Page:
Seven years spent in such a narrow life, was finally more than enough. Therefore deciding to leave his secure job he got on the back of a Vespa and, accompanied by a companion from the Castle school, set out for adventure. After a few years spent in Paris, where he worked as a theatre set decorator ; he then travelled to London, Holland and other European countries  to "experience" the world (getting to know Pasolini, Franco Zeffirelli, and “La” Callas), and in 1965 returning once more to Milan.  There he exhibited his first work of perceptive geometric study- , the so-called "puntini" (dots) from the cycle of “Prevalenze and Fustellati”. Experiments where there are static and dynamic balances of a Gestalt nature, in which sequences of simple visual units, some obtained by die-cutting, create an optical tension in the visual space. They are serial works, executed with almost maniacal precision, where the  extroversion of the points alter the surface of the canvas, modulating the light effects and iridescent shadows to vary the angle of the source of light. Their use is not only intended to give movement to the picture, stripped as it is of any natural reference, so as to lay bare the reticulated geometry that forms the structural skeleton, but also, and above all, to complicate the point of view of the observer of the work, to question the act of perception of the very maker.  

For Scaccabarozzi, the choice is made. Art must leave and arrive supported by itself , it must analyze its elementary components (light, color, form, movement) overcoming any allusion to function, to freely probe the dynamic and formal aspect towards abstraction, without losing itself in realism.

If, from the point of view of art history, the debt owed to the Milan avant-garde  in the fifties and sixties is taken for granted, and, not only that of Milan ( considering, for example, Victor Vasarely) it is not to say that the work of Scaccabarozzi is devoid oforiginality and unforeseen development.  In fact, in later years, his name is mentioned next to that of Alviani, Bonalumi, Castellani, Fontana or Dadamaino, just to cite the most important. However, his signature style is not anchored to any "School," or movement, albeit fundamental, even though it questions the event itself of creating art, its mystery, its irreducible contingency. That's why his work is neither an unconscious fantasy emerging from the fog of Milan, nor a power position taken up, more or less on good terms, in the face of the market and of the salon. If anything it is the result of a biography described through a hermetic model, capable of making the work of art the centre of a temporal questioning of how unconditionally singular life is. So to the childhood memory of grandfather at the table with a glass of wine that reflects its colored light on the tablecloth, becoming, Proustian in its chromatic magic, "alchemistic” painting, transparent and light, to be found again in later works such as the cycle of Geography and Velature cycle (2001-2008).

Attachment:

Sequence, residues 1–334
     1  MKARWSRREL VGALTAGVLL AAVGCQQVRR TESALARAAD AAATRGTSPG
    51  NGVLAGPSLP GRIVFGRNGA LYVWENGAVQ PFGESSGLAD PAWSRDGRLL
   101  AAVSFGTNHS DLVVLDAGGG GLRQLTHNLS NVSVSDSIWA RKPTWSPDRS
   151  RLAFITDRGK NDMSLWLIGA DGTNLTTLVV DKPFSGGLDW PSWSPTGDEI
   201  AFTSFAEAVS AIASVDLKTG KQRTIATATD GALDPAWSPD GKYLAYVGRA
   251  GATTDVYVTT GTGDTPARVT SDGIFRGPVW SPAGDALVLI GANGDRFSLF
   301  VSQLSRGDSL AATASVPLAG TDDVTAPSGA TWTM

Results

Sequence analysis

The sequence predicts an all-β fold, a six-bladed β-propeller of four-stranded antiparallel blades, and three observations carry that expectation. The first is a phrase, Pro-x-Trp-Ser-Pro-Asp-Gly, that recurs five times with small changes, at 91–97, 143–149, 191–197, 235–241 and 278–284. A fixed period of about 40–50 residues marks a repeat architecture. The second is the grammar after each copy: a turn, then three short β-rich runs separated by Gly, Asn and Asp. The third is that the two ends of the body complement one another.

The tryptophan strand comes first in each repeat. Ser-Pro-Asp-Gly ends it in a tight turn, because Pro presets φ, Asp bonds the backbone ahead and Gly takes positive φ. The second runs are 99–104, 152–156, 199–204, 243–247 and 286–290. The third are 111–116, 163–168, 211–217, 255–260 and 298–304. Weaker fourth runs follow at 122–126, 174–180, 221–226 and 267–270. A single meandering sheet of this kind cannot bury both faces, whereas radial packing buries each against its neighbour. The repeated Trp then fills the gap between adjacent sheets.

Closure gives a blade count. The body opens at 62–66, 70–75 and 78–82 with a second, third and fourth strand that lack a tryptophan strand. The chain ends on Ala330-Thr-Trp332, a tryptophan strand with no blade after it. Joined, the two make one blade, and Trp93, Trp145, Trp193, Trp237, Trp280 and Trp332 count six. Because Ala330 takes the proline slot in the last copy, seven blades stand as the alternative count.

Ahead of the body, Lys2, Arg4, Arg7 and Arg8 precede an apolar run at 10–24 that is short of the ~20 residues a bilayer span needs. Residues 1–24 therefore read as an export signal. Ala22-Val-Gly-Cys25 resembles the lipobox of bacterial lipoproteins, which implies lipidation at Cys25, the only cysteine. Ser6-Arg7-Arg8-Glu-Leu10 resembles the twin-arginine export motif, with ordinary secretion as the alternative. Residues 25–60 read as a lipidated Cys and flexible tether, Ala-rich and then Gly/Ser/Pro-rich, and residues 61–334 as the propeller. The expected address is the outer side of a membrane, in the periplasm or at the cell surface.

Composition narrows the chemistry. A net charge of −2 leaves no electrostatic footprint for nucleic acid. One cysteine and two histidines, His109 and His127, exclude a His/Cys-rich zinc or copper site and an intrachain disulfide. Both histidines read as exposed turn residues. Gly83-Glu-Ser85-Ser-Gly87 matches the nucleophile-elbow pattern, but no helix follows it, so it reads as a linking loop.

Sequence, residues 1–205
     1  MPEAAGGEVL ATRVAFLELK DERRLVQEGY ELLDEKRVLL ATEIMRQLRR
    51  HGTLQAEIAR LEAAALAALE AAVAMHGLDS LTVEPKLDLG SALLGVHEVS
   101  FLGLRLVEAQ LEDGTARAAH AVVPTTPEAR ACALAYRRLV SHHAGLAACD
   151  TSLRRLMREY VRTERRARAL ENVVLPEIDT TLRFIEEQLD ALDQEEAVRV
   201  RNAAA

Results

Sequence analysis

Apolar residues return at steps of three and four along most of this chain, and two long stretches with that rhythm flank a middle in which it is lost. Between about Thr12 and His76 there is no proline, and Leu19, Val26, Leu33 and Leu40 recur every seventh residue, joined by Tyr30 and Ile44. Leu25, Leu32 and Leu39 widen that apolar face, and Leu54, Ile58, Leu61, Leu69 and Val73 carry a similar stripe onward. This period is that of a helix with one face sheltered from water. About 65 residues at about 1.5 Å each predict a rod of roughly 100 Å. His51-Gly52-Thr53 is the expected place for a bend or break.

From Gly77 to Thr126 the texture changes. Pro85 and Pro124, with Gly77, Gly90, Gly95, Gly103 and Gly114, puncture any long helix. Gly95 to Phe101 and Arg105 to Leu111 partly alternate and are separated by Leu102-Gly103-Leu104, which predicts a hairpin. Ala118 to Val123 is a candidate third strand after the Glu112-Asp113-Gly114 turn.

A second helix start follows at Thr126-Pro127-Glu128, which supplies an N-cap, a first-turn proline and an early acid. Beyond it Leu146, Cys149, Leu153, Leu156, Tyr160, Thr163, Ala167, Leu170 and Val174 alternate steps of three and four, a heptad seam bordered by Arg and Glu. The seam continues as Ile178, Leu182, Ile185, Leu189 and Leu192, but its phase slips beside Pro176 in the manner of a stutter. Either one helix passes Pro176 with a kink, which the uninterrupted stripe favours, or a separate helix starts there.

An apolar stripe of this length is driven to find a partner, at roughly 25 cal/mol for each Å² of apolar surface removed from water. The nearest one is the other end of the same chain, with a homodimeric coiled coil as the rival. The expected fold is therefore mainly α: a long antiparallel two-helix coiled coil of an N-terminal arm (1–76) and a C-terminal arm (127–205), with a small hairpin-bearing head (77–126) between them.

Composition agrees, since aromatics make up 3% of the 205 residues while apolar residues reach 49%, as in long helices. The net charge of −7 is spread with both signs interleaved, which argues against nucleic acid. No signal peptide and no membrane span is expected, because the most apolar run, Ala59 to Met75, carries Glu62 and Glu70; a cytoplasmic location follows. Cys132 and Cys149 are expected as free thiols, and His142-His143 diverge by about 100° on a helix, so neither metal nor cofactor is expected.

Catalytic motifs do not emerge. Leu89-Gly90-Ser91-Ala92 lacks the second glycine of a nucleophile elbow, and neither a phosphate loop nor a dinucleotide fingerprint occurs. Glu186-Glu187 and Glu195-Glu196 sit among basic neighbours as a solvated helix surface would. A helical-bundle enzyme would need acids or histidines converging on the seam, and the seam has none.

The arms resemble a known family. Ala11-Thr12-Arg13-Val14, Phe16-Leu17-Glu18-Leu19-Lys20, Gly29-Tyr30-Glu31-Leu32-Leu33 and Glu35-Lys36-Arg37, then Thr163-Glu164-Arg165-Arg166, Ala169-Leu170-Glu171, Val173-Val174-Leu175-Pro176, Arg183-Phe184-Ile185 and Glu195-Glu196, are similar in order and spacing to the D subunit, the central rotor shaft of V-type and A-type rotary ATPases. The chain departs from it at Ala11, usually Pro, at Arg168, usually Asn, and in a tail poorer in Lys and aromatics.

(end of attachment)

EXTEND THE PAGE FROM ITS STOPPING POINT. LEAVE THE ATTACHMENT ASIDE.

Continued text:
Whereas, in the rhythmic color of “Essenziali” (Basics-1990s), so full of the light and air of Kefalonia the island of Natassy's grandparents "Antonio's partner, we find, instead, a familiar language of color lying on an ineffable and subtle conceptual palette, even if it is in substance almost an exercise in visual cleanliness, ethically resisting the anaesthetization and consumption of the senses of our era.  

In Iniezioni Endotele, at the end of the 80s, the privileged dimension is always the memory , exploring the relationship between a physical quantity of color and its ability to diminish when extended. Exploration followed up in Quantity, in which the interrogative pressure on the time frame of action painting has become the subject of aesthetic representation; the proof of quantitative value turns into a purely philosophical question : "how long will it last?" but also "how much is hidden and how much is shown? ".

At this point, the exploration finds its foundation. The counter-movement that art makes on life turns out to be a successful attempt to put the work of art on a fine line, between the visible and the invisible, where the eye becomes an analytic breaking into of reality.  "I'm looking into the garden from a window on the ground floor - writes Scaccabarozzi I look through ..., a composition of a vague almost Cartesian recollection  - I look again here and there, then return to glance again: I have just enough time to realize that I had observed the scene through a transparent curtain [...]. "